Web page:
Real freedom but frequent threats
Press freedom has a firm hold in Namibia, Africa’s best-ranked country in RSF’s World Press Freedom Index since 2019, and enjoys solid guarantees. It is protected by the constitution and is often defended by the courts when under attack from other quarters within the state or by vested interests. The legal framework could be improved by the promulgation of a long-promised law on access to state-held information. The supreme court ruled in 2019 that the government could not use national security as a pretext for preventing the courts from deciding whether the media could reveal certain information. The right to information was acknowledged in a case that the Namibia Central Intelligence Service (NCIS) had brought against a newspaper that reported that former NCIS members had acquired property illegally. The NCIS case had been based on laws dating back to the 1980s and 90s imposing major restrictions on the dissemination of information concerning national security. Namibian journalists and media outlets found themselves under attack in 2019 when their revelations about officials taking bribes in exchange for granting access to Namibia's fishing grounds resulted in the arrests of two ministers and several businessmen and police officers. A journalist was fired from the state-owned national news agency and senior officials accused media outlets of waging a campaign against the government. Verbal attacks against journalists are not uncommon in Namibia and, in 2020, some journalists objected to the verbal attacks they were receiving from the president’s spokesperson. In 2020, several reporters were also briefly arrested, a Namibia Press Agency reporter was given a warning after putting a question to the president, and many media outlets were barred from governmental press conferences about the coronavirus crisis. It was against this background that a Namibian journalists’ union was created in 2021, the first since the country became independent. Pro-government media have meanwhile been getting more than their fair share of the revenue available from advertising, which is threatening the financial prospects of the privately-owned media and independent news coverage.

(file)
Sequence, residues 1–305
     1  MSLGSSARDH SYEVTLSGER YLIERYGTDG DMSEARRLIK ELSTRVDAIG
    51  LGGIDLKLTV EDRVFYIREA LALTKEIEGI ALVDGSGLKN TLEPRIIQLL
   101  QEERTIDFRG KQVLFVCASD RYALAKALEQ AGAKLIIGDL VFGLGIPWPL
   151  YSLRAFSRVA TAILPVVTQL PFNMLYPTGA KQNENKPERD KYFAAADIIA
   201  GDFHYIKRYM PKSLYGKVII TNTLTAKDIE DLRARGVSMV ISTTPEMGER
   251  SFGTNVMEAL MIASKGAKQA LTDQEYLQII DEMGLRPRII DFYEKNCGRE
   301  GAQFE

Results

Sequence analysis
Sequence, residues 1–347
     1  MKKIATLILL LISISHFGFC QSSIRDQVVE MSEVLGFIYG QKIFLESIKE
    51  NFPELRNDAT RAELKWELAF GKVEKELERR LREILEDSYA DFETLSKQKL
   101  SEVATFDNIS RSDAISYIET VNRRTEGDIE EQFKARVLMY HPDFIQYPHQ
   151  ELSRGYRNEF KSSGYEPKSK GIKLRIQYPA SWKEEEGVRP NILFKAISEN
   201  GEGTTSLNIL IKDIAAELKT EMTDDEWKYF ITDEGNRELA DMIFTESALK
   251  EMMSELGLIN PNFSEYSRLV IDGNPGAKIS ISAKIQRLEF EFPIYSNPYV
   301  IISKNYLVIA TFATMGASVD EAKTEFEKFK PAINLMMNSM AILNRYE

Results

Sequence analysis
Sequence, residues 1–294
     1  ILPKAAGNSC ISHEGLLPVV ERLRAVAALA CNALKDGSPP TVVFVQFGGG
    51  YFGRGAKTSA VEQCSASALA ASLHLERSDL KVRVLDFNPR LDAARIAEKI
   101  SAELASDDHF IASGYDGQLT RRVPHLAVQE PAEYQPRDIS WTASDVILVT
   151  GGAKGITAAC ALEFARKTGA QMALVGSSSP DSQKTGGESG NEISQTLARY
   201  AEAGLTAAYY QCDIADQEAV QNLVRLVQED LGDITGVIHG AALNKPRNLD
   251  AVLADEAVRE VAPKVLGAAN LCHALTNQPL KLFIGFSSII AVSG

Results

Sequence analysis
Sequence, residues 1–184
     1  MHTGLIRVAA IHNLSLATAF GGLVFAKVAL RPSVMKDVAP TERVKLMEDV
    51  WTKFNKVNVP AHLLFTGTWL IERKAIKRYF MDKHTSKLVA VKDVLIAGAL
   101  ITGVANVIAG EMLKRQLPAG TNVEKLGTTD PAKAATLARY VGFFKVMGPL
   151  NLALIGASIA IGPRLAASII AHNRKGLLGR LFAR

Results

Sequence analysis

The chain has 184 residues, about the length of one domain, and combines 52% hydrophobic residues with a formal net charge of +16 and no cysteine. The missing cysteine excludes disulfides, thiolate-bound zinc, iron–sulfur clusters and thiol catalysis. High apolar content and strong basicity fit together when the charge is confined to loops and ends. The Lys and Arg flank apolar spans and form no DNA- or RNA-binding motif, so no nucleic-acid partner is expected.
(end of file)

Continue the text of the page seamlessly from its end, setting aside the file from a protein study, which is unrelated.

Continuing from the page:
23 in 2019
18.95 in 2019